|[aras-image:5Ka.072,,10,,,Figure 17 Black and Violet.]|
The twentieth century painter Kandinsky also uses the circle and triangle as male and female principles while in another Kandinsky painting circles multiply and proliferate as in some Tantric paintings illustrating that such symbols have archetypal sources in the collective unconscious which moves below or beyond (whichever terminology you prefer) the conscious life. They occur from time to time, place to place, from one culture to another. These elaborations of the circle and the multiplication of forms out of that central center of nothingness are different in structure but are essentially a representation similar to tantric pieces where the circles elaborate out of each other. In many of these, not all of them, is the seed in the center which suggests a further elaboration and expansion from the form itself.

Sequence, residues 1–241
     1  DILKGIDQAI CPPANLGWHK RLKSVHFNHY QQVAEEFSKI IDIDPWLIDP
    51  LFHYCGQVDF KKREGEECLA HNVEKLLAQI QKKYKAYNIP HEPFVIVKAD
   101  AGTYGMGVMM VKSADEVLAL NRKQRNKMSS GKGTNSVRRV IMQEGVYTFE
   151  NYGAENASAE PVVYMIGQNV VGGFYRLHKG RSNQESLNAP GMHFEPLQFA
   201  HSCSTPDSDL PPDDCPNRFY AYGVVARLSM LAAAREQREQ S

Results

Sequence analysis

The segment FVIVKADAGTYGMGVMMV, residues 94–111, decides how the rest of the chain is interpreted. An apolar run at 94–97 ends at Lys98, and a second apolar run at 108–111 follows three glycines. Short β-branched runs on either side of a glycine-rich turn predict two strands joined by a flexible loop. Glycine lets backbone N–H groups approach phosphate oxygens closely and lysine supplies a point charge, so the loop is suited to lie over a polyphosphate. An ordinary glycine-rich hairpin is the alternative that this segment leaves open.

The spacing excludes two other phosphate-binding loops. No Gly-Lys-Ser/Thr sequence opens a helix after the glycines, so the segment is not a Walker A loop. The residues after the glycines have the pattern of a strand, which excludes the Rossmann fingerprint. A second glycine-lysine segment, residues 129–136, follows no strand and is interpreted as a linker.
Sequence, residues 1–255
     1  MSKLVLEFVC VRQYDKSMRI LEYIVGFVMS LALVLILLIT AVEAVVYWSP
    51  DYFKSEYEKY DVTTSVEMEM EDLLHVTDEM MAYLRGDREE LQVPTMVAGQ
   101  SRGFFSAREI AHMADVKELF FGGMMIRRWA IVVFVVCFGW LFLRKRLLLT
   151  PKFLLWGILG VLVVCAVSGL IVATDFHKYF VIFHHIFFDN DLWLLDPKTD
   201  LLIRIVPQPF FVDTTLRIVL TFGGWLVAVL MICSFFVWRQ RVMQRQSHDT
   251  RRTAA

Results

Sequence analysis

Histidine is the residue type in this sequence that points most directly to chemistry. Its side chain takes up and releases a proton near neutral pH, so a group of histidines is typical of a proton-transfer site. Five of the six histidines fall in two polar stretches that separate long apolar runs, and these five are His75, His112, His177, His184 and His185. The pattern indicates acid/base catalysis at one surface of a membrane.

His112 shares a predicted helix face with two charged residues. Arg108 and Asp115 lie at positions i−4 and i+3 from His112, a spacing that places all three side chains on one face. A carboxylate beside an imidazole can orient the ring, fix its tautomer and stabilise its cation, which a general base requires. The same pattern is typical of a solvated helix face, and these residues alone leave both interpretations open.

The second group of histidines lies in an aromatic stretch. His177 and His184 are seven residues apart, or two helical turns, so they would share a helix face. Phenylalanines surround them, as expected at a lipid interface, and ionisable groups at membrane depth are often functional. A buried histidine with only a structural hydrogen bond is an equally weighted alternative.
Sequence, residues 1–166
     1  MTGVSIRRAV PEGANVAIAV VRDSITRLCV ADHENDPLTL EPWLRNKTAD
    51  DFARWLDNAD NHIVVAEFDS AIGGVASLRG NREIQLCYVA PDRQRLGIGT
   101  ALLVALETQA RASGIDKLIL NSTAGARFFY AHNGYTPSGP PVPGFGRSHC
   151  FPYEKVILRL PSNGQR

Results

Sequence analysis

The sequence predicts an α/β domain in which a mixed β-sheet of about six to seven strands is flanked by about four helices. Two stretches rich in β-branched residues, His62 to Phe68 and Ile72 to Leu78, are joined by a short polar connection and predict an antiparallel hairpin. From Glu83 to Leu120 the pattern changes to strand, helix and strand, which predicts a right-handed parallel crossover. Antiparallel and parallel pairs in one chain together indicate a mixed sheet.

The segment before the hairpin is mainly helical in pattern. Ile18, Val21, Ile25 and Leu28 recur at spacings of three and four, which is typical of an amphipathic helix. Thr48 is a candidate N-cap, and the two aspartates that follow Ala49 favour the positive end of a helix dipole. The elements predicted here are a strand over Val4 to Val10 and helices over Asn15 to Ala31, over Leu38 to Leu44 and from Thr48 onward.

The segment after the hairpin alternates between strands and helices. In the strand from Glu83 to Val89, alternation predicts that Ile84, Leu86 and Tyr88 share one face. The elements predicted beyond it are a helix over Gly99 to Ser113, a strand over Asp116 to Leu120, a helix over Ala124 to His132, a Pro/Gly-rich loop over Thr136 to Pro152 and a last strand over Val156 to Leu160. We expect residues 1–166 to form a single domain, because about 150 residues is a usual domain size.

C.G. Jung quotes "God is an infinite circle whose center is everywhere and whose circumference is nowhere."10 Neumann in discussing the containment of life within the circle of the uroboros writes, "The uroboros... then appears as the latest symbol of individual psychic development signifying the roundness of the psyche, life's wholeness and perfection regained... Thus the great round of the uroboros arches over man's like encompassing his earliest childhood and receiving him again, in altered form, at the end."11 In the vision of Henry Vaughn, the 17th Century English mystic poet, "I saw Eternity last night as a pure and endless ring of light."12